Carol has started therapy because of her concerns about her younger sister, Kaitlyn. Carol is 33 and is a bank branch manager. She has been married to Fred, 35, for 10 years. They have one child, Douglas, 8. Kaitlyn, 29, is recently unemployed and living back home with her parents. Carol and Kaitlyn are the only children of Rob, 55, and Cathy, 54. Rob is also in banking. He would like to retire in 10 years, but at the rate things are going, he doesn’t know if he’ll be able to. Taking care of Kaitlyn is expensive. When she’s out of work, which is often, she depends on her folks to support her. Sometimes she moves back home, but usually she asks for help paying rent so that she can live with whatever boyfriend she has at the moment.
Carol was always the “good one”. Good grades, nice friends, after-school activities, the works. She tried hard and succeeded at making her parents proud. Even so, she never felt like she got as much attention as her messed up sister. She tries to be understanding; after all, Kaitlyn has been diagnosed with bipolar disorder and has been in and out of hospitals since she was 13. But still, Carol knows she can get quite resentful when her parents go on and on about Kaitlyn’s problems and forget to even ask about Carol and her family! Carol worries about Kaitlyn, and her parents, too. What will become of Kaitlyn when her Rob and Cathy get too old to help? And what will become of her parents if Kaitlyn keeps sucking them dry the way she has? Fred doesn’t like it, but she herself has “loaned” her baby sister more than a few dollars over the years. What can she do? Have her turned out into the street? Leave her parents with the whole burden?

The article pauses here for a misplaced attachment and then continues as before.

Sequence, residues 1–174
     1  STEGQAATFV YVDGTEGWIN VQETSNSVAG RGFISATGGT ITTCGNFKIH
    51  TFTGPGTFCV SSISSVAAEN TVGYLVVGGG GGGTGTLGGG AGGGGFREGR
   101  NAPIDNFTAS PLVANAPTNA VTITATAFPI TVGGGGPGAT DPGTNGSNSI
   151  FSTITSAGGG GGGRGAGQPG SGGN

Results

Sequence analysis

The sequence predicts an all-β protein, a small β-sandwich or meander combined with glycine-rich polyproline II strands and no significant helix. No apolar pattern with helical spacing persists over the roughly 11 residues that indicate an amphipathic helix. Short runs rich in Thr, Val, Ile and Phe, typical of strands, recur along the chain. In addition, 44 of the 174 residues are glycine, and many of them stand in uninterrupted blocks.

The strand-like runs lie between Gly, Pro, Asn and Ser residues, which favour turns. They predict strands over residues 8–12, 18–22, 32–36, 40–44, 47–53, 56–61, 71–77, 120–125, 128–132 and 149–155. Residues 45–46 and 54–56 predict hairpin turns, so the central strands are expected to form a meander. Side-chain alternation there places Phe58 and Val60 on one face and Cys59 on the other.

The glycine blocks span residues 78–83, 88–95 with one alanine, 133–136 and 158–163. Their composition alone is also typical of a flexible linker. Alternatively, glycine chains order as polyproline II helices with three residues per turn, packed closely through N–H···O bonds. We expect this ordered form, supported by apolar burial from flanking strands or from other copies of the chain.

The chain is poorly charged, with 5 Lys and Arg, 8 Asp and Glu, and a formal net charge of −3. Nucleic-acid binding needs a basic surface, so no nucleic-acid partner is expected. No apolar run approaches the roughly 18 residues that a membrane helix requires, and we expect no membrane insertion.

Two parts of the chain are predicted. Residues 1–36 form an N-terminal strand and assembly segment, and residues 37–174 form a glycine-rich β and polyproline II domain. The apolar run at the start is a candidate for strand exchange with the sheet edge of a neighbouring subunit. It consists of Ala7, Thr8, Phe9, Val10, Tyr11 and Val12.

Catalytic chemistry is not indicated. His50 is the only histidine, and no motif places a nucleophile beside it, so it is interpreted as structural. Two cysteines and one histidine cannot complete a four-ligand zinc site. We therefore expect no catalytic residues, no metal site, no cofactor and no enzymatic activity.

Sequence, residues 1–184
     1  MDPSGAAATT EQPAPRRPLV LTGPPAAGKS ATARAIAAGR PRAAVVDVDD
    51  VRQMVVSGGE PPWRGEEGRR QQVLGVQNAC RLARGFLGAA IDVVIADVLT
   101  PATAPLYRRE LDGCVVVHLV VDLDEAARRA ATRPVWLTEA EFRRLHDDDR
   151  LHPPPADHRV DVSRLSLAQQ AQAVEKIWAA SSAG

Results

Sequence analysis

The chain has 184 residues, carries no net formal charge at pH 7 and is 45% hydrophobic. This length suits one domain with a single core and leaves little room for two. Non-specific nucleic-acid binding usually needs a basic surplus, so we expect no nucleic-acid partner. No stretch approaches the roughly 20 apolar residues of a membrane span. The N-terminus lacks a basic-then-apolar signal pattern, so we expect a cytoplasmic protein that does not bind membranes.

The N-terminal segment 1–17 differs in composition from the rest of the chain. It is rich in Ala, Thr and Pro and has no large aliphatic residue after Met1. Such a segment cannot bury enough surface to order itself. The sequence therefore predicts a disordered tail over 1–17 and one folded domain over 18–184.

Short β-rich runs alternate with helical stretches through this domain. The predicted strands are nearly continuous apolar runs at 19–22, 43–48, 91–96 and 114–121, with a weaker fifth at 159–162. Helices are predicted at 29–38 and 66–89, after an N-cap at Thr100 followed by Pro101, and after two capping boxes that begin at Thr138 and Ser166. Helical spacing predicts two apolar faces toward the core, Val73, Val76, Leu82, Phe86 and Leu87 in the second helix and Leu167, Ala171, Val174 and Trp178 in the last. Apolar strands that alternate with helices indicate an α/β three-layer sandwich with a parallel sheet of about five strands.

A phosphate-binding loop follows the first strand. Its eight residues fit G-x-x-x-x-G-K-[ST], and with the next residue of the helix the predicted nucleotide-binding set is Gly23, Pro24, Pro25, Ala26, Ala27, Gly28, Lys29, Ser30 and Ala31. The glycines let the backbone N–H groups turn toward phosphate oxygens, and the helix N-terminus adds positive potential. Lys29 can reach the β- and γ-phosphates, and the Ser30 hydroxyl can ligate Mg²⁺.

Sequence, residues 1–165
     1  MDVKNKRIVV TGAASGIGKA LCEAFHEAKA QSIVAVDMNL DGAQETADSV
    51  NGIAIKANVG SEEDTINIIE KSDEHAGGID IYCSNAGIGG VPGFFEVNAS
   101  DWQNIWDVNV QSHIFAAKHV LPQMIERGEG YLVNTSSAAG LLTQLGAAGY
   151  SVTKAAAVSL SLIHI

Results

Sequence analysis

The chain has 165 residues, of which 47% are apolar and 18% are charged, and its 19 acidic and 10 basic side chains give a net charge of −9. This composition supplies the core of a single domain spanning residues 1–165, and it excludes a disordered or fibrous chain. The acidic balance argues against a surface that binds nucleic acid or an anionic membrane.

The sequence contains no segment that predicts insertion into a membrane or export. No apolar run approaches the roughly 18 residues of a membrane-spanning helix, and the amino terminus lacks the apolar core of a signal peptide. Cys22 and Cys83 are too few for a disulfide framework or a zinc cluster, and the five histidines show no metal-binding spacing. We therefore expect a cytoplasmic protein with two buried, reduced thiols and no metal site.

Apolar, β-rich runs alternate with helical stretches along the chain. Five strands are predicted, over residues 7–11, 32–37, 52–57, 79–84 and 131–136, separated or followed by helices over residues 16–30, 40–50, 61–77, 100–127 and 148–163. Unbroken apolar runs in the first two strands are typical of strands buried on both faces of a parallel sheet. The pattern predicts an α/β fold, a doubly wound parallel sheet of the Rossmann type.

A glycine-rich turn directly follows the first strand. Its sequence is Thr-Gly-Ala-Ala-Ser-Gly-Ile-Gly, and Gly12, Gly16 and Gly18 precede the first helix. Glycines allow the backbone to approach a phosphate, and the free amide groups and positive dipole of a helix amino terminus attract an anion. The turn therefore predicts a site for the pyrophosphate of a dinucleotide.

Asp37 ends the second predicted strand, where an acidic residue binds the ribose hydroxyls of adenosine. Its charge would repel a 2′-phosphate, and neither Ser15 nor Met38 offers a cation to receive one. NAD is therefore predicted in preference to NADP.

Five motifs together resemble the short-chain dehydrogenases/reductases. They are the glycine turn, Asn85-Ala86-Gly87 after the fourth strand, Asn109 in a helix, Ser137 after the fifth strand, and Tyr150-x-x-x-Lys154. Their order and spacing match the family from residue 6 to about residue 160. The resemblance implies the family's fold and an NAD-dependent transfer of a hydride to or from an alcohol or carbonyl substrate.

So Carol has come in to find a way to help her sister and help her parents. I guess I had to disappoint her when the first thing I told her is that it is IMPOSSIBLE to change the relationship between two (or more) other people. That’s just a rule of life. In fact, the more you try, the more stuck the system will become; because the people you are trying to change will focus on you instead of on themselves.
So, rather than coming up with solutions for her family, I asked Carol to imagine her brain as a pie chart. I suggested she put the topics she normally thinks about into slices on the pie, and asked her to tell me how the pie is divided. With a look of uncomfortable surprise Carol said, “About 60% of my brain is focused on my sister and my parents, I’d say 25% is on my son, and 10% is my husband”.
“What’s the other 5%, I asked?”
“Divided between my job, the house, and hating my weight! “
“Well, what do you think about that?”
“I think it sucks,” she announced. “No wonder my husband is so impatient with me lately, and no wonder he’s become such a workaholic. I don’t make him my priority at all.”
“Well, who else is getting short-changed in this deal?”
“I don’t know, my son?”
“You, that’s who! You’re doing just what your parents did-ignoring the one who isn’t the
squeaky wheel. I’ll bet you have a fantasy that if you can fix your parents and your sister, then it’ll be your turn to get taken care of. But Carol, no one’s waiting in line to do that for you if you won’t do it for yourself. The same thing is true for Kaitlyn, too, by the way-no one’s efforts toward her will work as long as she thinks it’s their job instead of hers to improve her life.”
“You know, you’re right. I’ll think more about that. I’ve been putting off starting a yoga class. Maybe I should do that.”
What’s your brain pie chart telling you? Do you like the way the slices are divided?